Speech impediments and public speaking fears are real, yet they do not have to define us. As a child, I struggled with stuttering and took speech therapy classes for nearly five years. My therapist literally used to hold my tongue down in an effort to help me pace my syllables. Oddly enough, I always had this far-fetched dream of speaking in front of large groups of people. In one sense, this dream was my escape of thinking that maybe my stuttering was not as severe as I perceived. Of course this was total denial. Nonetheless, I really saw myself overcoming the speech impediment. After many years of hard work to overcome it, today the impediment no longer haunts me. I no longer struggle so fiercely with stuttering. In still seeking to improve my public speaking skills, I’ve found Scott Berkun’s book, Confessions of a Public Speaker, useful. Here are two of his tips that stood out to me.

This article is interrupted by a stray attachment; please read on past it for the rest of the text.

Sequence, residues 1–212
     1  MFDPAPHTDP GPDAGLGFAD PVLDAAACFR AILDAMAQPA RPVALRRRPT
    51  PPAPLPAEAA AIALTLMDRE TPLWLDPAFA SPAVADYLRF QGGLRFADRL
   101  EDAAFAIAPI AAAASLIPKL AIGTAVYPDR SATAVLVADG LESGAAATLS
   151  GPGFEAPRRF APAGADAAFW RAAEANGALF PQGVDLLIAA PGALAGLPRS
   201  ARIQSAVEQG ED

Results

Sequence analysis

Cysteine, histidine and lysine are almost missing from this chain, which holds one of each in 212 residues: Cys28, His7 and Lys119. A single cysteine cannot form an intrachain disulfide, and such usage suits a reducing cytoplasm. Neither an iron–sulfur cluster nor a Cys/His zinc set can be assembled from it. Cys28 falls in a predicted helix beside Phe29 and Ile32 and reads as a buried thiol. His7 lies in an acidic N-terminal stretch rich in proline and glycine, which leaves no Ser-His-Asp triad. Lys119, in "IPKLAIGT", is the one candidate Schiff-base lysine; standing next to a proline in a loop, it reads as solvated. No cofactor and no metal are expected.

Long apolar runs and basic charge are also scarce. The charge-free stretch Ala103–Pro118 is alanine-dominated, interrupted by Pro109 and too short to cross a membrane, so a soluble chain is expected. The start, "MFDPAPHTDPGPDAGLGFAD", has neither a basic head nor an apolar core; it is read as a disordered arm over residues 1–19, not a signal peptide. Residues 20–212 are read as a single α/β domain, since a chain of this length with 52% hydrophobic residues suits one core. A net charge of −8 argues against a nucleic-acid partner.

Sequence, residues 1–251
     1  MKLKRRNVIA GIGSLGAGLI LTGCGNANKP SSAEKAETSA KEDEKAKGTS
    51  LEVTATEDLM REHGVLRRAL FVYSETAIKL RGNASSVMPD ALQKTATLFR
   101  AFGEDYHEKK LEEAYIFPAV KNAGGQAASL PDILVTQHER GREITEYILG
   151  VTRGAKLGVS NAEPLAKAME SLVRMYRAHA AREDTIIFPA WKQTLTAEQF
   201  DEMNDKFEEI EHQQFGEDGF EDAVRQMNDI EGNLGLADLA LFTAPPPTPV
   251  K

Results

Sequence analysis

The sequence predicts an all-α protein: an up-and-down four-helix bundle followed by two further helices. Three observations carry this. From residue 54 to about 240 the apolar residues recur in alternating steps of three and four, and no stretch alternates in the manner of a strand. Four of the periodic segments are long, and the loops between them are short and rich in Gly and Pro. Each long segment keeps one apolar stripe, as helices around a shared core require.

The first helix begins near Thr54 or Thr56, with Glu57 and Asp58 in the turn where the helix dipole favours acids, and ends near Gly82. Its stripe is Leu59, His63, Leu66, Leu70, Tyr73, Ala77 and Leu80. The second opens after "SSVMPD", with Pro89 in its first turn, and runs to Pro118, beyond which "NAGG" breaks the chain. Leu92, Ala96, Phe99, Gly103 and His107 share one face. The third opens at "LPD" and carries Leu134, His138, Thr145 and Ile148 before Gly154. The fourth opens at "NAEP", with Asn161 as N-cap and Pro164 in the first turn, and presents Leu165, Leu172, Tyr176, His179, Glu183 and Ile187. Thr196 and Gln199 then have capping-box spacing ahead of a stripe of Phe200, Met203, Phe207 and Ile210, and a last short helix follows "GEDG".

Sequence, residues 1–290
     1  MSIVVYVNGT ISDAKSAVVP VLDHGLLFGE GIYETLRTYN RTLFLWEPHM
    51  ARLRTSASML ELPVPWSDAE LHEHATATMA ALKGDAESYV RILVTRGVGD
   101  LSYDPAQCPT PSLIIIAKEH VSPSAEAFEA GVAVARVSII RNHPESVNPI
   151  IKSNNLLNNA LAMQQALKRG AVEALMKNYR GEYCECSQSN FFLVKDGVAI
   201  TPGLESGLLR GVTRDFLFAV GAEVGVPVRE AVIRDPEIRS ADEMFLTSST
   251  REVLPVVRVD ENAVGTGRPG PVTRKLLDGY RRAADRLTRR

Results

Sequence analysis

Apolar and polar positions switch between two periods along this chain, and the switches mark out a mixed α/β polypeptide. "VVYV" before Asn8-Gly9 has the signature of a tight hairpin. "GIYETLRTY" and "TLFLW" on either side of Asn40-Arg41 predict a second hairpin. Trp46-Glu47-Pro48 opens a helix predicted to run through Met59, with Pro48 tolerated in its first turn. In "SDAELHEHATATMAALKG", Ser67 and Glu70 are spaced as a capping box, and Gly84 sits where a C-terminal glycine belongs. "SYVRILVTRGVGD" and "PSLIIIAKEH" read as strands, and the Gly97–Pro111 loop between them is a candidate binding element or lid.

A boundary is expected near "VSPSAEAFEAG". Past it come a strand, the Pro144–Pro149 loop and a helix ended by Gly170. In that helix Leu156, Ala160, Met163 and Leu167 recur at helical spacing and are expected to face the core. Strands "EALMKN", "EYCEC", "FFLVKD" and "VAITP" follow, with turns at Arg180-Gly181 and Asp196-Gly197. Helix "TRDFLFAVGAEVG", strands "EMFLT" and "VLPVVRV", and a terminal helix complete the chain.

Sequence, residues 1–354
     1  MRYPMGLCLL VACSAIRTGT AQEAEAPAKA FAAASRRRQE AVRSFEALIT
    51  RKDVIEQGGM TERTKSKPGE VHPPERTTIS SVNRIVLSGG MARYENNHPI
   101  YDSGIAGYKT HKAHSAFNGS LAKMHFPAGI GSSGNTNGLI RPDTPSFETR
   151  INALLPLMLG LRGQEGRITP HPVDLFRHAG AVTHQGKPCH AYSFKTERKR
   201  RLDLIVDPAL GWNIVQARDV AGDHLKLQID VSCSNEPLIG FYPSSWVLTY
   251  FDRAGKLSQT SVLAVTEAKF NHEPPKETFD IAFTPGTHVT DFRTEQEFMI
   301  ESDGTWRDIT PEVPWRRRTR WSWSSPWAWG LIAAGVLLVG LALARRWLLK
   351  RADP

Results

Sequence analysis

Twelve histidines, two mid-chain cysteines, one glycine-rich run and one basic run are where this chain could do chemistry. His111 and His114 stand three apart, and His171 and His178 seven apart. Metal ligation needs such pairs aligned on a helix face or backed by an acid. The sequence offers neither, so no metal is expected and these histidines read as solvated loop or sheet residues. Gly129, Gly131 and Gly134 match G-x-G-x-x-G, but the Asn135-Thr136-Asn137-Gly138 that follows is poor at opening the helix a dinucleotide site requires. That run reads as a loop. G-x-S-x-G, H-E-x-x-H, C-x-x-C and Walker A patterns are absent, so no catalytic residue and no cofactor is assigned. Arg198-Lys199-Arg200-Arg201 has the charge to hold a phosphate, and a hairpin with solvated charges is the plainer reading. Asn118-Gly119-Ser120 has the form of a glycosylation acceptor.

Mistakes can create a golden opportunity for a good win. Instead of trying to avoid making a mistake, focus your energy toward rebounding from one. It is good to use it to your advantage by making it funny or incorporating it into your talk. Whether it is a large or small group, a mistake can actually be golden based on how the speaker reacts to it. Since the crowd feeds off of the speaker, they are most likely to follow and flow with the speaker’s reaction to whatever the mistake that was made.
You Are in Good Company
Leaders who we often read about like Martin Luther King, Jr., Winston Churchill, Thomas Jefferson, Jack Welch, and Aristotle had their own hang-ups when it came to public speaking. Oddly enough, we remember their profound thoughts and works which continue to inspire us. They focused on clearly communicating an overall thought that could be remembered. They were also believable leaders who therefore had the ear of their people and us today.